Joyce may not be described quite as effeminate as Raj, however the two do still share similarities.  Both characters posses feminine character traits when compared to their female counterparts.  Raj and Joyce are happy to allow Penny and Beach to take on the dominate role in their relationships–Beach as Joyce’s publisher, and Penny as Raj’s matchmaker.  Both Joyce and Raj do provide input into what they are looking for, however it is Beach and Penny who succeed in making these desires come to life.

The relationships shared by Beach and Joyce, and Penny and Raj show the differences in gender roles based on dominance and subordination in which it is not always the male who must perform in the dominant role.  For some men, all they really want is a girls night out…

Works Cited:     

Beach, Sylvia.  Shakespeare & Company.  United States of America: First Bison Book, 1991.

Ryckman, Richard M.  Theories of Personality 9th ed.  United States of America: Thompson Wadsworth, 2008.

Lorre, Chuck and Bill Prady.  “The Love Car Displacement.”  The Big Bang Theory.  Season 4, Episode 13.  20 January 2011.  Warner Bros. Television.


7 thoughts on “A Woman In A Man’s World…And Vice Versa

  1. I love this comparison between Joyce and Beach and the Big Bang Theory! I never actually considered Penny as bieng more masculine than the male characters, but it is very true now that you point it out. For me it shows the fact that these kind of gender associations have continued from Beach’s time and are perpetuated still in our media today, despite the fact that our society still expects us to adhere to certain gender roles.

    • Thanks! I think Penny is a mixture of feminine and masculine because in some episodes she is dressed very feminine and loves having girl time, but in other episodes she is presented as the most masculine of the group (of men) especially when compared to Leonard who knows nothing about football, Howard who still needs his mom, Raj (see blog) and Sheldon who can’t open a jar without help. But I think this is how most women feel–sometimes feminine and sometimes masculine, which is why these labels don’t always work when describing men and women.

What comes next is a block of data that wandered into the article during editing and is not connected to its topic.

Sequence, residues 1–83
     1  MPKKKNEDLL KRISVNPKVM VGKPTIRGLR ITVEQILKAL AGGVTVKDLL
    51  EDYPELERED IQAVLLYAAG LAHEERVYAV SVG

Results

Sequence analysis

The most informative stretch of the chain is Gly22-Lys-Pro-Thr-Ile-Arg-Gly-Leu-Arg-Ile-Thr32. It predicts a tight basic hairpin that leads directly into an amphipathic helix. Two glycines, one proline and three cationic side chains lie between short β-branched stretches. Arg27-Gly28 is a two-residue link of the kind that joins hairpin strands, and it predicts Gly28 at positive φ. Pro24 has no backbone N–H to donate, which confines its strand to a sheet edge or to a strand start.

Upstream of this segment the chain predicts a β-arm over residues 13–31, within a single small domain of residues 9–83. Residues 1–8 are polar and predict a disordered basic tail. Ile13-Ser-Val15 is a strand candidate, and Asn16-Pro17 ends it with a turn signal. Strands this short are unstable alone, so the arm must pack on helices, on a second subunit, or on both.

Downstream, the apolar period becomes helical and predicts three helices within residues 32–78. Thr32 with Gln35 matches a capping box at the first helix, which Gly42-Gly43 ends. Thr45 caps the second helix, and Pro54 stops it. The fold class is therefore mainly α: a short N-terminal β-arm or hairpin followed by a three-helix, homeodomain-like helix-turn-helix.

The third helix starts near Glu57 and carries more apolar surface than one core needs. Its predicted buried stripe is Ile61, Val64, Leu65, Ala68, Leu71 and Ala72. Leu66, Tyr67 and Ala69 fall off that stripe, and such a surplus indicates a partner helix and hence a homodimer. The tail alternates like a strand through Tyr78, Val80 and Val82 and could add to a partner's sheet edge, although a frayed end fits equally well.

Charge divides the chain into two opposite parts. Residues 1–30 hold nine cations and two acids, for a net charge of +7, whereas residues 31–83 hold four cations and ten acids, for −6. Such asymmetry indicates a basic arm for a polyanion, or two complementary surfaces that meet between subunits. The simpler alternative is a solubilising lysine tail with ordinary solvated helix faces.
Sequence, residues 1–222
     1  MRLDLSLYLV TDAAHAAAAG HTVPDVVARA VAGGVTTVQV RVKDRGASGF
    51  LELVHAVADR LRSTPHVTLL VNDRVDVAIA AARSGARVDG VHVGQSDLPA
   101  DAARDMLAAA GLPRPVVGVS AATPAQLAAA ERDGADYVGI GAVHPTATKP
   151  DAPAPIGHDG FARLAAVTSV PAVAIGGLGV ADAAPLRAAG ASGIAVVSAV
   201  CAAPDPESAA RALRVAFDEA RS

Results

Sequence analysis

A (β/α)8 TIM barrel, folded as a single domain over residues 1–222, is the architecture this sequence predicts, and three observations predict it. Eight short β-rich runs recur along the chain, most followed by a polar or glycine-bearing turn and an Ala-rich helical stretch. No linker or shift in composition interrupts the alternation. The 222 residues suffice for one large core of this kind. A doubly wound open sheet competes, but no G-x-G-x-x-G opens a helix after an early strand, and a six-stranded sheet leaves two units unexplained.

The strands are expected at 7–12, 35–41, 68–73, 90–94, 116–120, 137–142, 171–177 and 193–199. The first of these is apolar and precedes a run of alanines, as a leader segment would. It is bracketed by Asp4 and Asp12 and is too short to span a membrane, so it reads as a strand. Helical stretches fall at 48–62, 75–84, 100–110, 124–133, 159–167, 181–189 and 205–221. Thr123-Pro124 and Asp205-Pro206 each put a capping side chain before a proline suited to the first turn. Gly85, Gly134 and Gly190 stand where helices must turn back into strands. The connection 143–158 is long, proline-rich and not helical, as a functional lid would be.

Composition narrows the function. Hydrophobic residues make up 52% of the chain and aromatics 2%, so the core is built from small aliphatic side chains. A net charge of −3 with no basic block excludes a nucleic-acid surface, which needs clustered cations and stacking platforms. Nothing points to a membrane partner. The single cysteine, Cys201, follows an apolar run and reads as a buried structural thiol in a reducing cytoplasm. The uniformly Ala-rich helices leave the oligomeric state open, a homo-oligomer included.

2. That connection between Joyce/Beach and Raj/Penny is pretty amazing. Big Bang Theory is one of my all-time favourite shows and I wouldn’t have put the connections together that you have. The facts you found about the hands in both works is amazing. While the moment was highlighted about Beach’s work in class, that moment in Big Bang Theory (as a whole) at least in my opinion was quite small. I also read your post on Moll and Barney and if this is a theme you are doing throughout and not just a fluke of the two posts I have read so far I must say I really like the concept.

    • Thanks! There are actually a bunch of shows that portray gender roles, both in the traditional sense as well as the nontraditional. I find it’s interesting to step back and examine what we are watching as usually we are so entrenched in the story line that we neglect to see the hidden messages or clever innuendos that the writers added to the show.

  3. Reblogged this on We Are Who We Are: Gender Performativity and commented:
    The comparison of Sylvia Beach and Penny both as taking on a masculine role is brilliant! Well done Devyn on using examples that both portray the hands of the women as masculine. Women are meant to be doing ‘dainty’ things according to society, so writing the female characters as doing ‘male-oriented’ tasks shows how they are swapping gender roles. Additionally, James Joyce and Raj swap gender roles because they are written/described as effeminant. Though some of these characters are not necessarily homosexual, they are entering into territories of the opposite sex due their physicality or mannerisms.

  4. Pingback: “Masculine women and feminine men”:’s queer postcards. | What's My Role?

  5. Reblogged this on Who Wears The Pants? and commented:
    This post focuses on comparing Sylvia Beech’s ‘Shakespeare and Company” and the hit TV show ‘The Big Bang Theory.’ It is interesting to see the ways in which the characters struggle to understand who they really are and try to find what is socially acceptable for them in society and their friends group.